The art of political, diplomatic jewelry

Bellevue Arts Museum opens new exhibit 'Read My Pins' a collection of former U.S. Secretary of State Madeleine Albright's brooches. Albright, who was in Bellevue this week discussed the significance of some of her favorite pins.

Former Secretary of State Madeleine Albright said wearing pins started out as a response to criticism from Saddam Hussein.

The first female Secretary of State was well known for her political displays through jewelry, many of which are on display now through June 7 at the Bellevue Arts Museum.

It all started in 1994 when Madeleine Albright, serving as U.S. ambassador to the United Nations, criticized Saddam Hussein and the government-controlled Iraqi paper responded by calling her “an unparalleled serpent.”

Albright said she took the opportunity to make a “diplomatic statement” by wearing a snake pin, despite her distaste for the slithering creatures.

Her message was clear, resonating back to the American Revolution, “Don’t Tread on Me!” From that day forward, Albright said pins became a major part of her diplomatic signature.

Years later, Russian President Vladimir Putin confided to then-president Bill Clinton that his country’s diplomats routinely checked to see which brooch Albright was wearing. On day one of nuclear arms discussions, Igor Ivanov, Russia’s foreign minister, looked at the arrow-like pin sitting atop Albright’s jacket.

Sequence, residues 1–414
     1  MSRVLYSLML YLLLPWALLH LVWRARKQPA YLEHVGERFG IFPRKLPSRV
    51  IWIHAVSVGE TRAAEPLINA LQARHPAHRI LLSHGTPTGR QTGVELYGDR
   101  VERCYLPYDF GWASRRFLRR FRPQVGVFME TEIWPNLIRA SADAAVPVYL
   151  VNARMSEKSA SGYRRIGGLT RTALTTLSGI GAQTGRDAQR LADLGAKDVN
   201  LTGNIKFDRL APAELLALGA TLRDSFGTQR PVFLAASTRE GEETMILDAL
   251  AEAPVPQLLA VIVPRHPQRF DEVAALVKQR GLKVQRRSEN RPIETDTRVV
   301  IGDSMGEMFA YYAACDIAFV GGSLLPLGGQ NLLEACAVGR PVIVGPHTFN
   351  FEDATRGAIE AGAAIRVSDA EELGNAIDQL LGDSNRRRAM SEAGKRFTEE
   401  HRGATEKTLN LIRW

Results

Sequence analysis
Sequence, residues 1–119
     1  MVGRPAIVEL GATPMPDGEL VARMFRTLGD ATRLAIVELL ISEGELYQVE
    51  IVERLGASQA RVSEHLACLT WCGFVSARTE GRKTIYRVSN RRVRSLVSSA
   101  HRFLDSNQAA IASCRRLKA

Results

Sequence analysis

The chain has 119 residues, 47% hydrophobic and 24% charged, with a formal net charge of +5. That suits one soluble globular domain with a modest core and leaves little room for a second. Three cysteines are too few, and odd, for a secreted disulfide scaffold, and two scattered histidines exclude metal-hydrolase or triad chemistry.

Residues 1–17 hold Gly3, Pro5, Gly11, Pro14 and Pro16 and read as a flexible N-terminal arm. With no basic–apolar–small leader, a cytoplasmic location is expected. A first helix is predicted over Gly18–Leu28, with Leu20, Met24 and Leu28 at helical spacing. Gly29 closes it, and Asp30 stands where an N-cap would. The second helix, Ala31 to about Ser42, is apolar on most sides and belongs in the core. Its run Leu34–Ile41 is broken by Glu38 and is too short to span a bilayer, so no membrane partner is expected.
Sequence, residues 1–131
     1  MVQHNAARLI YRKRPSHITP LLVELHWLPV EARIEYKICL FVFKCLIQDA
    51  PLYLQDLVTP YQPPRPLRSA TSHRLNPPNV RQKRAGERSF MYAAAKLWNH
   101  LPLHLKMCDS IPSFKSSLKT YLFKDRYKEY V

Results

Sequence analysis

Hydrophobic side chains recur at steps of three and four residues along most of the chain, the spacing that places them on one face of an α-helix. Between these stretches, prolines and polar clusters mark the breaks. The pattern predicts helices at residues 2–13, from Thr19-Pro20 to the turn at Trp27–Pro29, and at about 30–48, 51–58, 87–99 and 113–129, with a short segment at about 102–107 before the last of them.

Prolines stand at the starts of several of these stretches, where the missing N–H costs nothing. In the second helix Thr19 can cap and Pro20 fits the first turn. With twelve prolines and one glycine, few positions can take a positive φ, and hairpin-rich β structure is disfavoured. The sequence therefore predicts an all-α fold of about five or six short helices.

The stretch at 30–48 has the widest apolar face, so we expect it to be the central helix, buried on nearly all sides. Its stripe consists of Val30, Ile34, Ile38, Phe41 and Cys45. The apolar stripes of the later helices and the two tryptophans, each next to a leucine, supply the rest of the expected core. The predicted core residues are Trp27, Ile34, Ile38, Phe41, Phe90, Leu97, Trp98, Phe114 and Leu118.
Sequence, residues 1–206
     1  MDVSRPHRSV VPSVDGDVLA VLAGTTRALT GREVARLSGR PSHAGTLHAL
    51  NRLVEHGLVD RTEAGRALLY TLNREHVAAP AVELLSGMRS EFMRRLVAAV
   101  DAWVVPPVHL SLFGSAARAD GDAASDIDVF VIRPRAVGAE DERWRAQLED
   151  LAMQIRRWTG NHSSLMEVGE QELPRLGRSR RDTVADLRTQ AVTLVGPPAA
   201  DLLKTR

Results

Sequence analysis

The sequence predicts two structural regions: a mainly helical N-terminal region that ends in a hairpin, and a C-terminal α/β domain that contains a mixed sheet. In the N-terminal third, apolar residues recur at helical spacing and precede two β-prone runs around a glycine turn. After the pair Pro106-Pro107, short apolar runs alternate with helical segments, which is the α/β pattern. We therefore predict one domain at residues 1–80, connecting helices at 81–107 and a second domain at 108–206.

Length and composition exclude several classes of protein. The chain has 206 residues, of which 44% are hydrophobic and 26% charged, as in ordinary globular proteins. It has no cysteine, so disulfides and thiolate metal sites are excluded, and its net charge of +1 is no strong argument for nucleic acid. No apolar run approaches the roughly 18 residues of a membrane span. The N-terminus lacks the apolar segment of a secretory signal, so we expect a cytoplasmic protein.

“Is that one of your interceptor missiles?” he asked her. She replied, “Yes, and as you can see, we know how to make them very small. So you’d better be ready to negotiate.”

With that same magnetism, Albright walked through the new exhibit sharing the stories of some of her favorite pins.

Pointing to a large red, white and blue brooch, Albright said she chose to wear it while meeting with North Korea’s then-leader Kim Jong-il during a negotiation trip.

“I was told he was crazy and a pervert,” she said. “He wasn’t crazy.”

Her diplomatic diffusion gave her the ability to succeed where others couldn’t and, through her political fashion, garnered the respect of nearly everyone she met.

Stefano Catalani, art director for the Bellevue Arts Museum, said the exhibit represents so much more than pins.

“It speaks to the power of jewelry, not just the political statements, but a powerful tool for communication,” he said of the collection.

On Thursday, Albright met with dozens of students from Bellevue’s six high schools to discuss the significance of her pins, something she’s done at each of the exhibit stops.

For more information about the exhibit or the museum, visit


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